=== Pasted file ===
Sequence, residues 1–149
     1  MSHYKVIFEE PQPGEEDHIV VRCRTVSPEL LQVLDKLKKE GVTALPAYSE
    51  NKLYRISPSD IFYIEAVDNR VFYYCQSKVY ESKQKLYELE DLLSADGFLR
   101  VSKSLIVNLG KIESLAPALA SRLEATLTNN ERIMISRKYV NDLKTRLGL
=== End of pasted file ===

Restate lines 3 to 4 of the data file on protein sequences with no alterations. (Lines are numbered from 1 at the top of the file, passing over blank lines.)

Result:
    51  NKLYRISPSD IFYIEAVDNR VFYYCQSKVY ESKQKLYELE DLLSADGFLR
   101  VSKSLIVNLG KIESLAPALA SRLEATLTNN ERIMISRKYV NDLKTRLGL